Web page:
Zuiko 200mm F4 and 200mm F5

Discussion in 'Olympus' started by tim_kohlman, Jul 22, 2007.

  1. I wonder if someone can explain which of these two lenses I should be buying. Generally I would presume that the faster lense will be better, however after looking at KEH's prices it seems that the 200mm F4 is actually cheaper than the F5 which leads me to believe that perhaps the F5 has better optics. Any comments on this?
  2. I've only used the f/4 but can tell you it is adeqately sharp to my eye. http://www.photo.net/photo/4325598
  3. I prefer the 200/4. There are some specs here.
  4. Sorry for the poor spelling!
  5. I use the f/5, and find it very sharp. I don't think there's much difference, other than 2/3 of a stop, the size and the different filter size. Both are good and very compact.
  6. Way back when (1980) I opted to buy the f5 over the f4. It takes a 49mm filter rather than a 55 and is significantly smaller than the f4. One thing to consider, however, is viewfinder brightness which often gets overlooked. The Zuiko 'pro' lens was the superlative 180f2.8.
  7. The 200/5 was more expensive when new than the 200/4 according to US dealer price lists. However, in Europe, selling prices of the 200/4 were higher than the 200/5. The 200/5 has a 6 elements in 5 groups design vs the 5/4 of the 200/4 and therefore could be regarded as more complex. The selling point for the 200/5 was that it was the smallest 200mm lens for SLR cameras (105mm length vs. 127mm for the 200/4). A side-by-side MTF test of both lenses (Photographie, 06/1982; a Swiss magazin) showed that at full aperture the 200/5 was slightly better than the 200/5. Unfortunately, for a middle aperture they chose f/8 for the 200/4, and f/11 for the 200/5 lens: at these (different) apertures, the 200/5 was again better. When you search on ebay, you will see that there are many more 200/4 lenses available than 200/5. Actually, it is my impression that it is easier to find a 40/2 ad than a 200/5 one though obviously the former one will have 50 re-runs before somebody falls for _that_ price tag. Anyhow, only 28,000 200/5 were produced in contrast to 173,000 of the 200/4. If you want a really rare lens (at least on the western market), search for a multicoated 200/5 which just says "ZUIKO" (not ZUIKO MC or F.ZUIKO) on the front ring: probably only 2,000 of these were produced, and as far as I know exclusively sold in Japan. Your assumption "Generally I would presume that the faster lense will be better" is 'generally' wrong: certainly a faster lens like a 50/1.2 is better at f/1.2 than a 50/1.8 lens (which doesn't have this aperture), but in most cases when comparing lenses of the same lens line, a 50/1.8 stopped down to f/5.6 is better than the 50/1.2 at f/5.6. To J DC: "The Zuiko 'pro' lens was the superlative 180f2.8": I hope that's not the case as it is well known for color fringing problems (Olympus later had the 180/2 as the real 'pro' lens). If you need/want a 180mm lens in this range for the OM mount, I would suggest to look for the Tamron 180/2.5.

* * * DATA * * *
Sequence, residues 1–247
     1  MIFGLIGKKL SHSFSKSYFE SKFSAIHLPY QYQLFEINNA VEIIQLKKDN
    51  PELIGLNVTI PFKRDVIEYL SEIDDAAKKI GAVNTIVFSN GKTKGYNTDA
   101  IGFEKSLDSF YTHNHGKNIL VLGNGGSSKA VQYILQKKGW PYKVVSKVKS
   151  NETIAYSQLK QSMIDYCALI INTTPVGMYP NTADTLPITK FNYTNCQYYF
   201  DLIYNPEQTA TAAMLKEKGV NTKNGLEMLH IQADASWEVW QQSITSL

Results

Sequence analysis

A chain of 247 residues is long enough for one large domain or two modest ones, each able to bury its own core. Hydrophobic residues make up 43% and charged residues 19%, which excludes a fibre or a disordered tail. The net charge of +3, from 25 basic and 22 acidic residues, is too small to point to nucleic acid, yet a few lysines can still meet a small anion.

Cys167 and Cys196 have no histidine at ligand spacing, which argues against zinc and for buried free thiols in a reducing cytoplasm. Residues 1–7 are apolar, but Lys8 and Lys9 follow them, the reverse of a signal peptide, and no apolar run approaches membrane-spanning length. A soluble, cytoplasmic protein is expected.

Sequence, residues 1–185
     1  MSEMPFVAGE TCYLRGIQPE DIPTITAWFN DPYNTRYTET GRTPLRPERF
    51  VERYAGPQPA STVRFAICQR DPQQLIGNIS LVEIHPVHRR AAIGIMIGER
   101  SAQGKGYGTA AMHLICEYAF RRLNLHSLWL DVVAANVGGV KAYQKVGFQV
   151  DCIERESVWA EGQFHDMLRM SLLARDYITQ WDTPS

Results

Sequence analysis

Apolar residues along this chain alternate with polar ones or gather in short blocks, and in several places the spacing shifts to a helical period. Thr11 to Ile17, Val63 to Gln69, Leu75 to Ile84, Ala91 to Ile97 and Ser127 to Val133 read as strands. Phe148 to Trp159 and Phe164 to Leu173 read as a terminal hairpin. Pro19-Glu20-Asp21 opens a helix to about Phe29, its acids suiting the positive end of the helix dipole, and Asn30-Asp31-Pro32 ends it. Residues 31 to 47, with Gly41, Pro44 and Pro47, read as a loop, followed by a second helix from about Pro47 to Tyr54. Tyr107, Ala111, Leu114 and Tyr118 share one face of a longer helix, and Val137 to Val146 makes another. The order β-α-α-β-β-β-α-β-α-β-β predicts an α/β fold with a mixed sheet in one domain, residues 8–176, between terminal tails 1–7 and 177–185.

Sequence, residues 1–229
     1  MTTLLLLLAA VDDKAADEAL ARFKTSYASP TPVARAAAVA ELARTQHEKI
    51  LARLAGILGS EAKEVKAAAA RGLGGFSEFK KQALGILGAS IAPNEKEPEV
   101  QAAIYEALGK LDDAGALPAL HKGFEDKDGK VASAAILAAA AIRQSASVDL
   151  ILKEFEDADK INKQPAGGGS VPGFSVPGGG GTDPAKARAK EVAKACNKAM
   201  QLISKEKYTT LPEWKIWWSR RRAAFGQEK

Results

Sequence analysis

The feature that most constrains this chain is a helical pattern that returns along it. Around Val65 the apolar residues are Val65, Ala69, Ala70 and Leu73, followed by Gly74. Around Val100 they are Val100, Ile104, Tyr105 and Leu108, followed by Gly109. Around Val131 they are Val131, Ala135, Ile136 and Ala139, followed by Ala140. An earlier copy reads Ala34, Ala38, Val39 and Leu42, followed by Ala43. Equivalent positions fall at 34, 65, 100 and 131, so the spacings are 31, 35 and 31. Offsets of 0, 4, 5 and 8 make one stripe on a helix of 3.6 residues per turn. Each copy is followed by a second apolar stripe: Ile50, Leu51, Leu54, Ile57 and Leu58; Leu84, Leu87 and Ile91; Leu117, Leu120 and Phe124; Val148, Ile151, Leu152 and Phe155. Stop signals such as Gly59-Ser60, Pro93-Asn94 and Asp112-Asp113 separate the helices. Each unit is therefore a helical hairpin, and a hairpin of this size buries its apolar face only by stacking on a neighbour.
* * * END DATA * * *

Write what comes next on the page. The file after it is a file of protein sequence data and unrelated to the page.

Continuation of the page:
8. The 200/5 sells for more because of it's scarcity. It's truly tiny for a 200mm lens. Performance wise, I don't think you will see a lot of practical difference at working apertures like f/8 and f/11. I never did. Wide open, I never liked the 200/4, as it was soft for me. I sold my 200/5 because I didn't use the focal length very much a a prime. I much preferred the performance of the huge Tamron SP 80-200/2.8 with its super-bright image.
  9. Konrad, you're right - my mistake - the superlative 180mmf2! I just took a look at my 200mmf5 after several years. I'd forgotton what a compact lens it is. For digital, my upper lens is now a 400mm which has a real reach but demands a tripod and is a beast is haul around.
  10. I have a 200/4 and it seems reasonably sharp to me. If I know I will be using slower lenses I prefer to have a camera with interchangable focusing screens. A grid type screen is good for many situations and a plain matter screen is nice for very close work. As it turns out, all of my OM bodies are OM-10s. They are light, have bright viewfinders and don't drain batteries too badly but they do not have interchangeable focusing screens. For this reason alone I wouldn't be interested in a 200/5. When I used Konica cameras more often I borrowed a 300/6.3 Fluorite Hexanon. It was so dim to focus through I had to use a tripod. I was using Kodachrome 64. The slides were quite sharp but when I decided to get my own 300 I bought a 300/4.5 Hexanon. It is also very sharp and even though it's larger and much heavier the extra lens speed makes it much better for hand held shooting. I enjoy using some of my older M42 lenses but none of my M42 mount cameras has a very bright viewfinder so I use them with adapters on my Canon F-1 or Minolta X-700 bodies. Both Konica and Asahi made 200mm f/5.6 pre-set telephotos and I have two of the Hexanons and one Takumar. They are small and light and decently sharp but very difficult to use.
  11. Both are good lenses. The f5 is sort of like the 38mm Pancake Lens for the Pen. If you want to own a remarkable piece of engineering and elegant design, you'd be hard pressed to find better.
  12. I owned the 200F5.0 and like Jeff, I found the small F5.0 aperture too dim for practical use. And since we're talking performance here, the best lenses are the Zuiko 180F2.0 (just a tad heavy), followed by the Tamron 180F2.5. Neither the 200F4.0 nor the 200F5.0 were ever considered outstanding lenses. I would skip over the Zuiko 200s, in favor of the Tamron 180, the Zuiko 180, the 65-200F4.0 zoom, or the 135F2.8/300F4.5 combo.
  13. Or the 180/2.8

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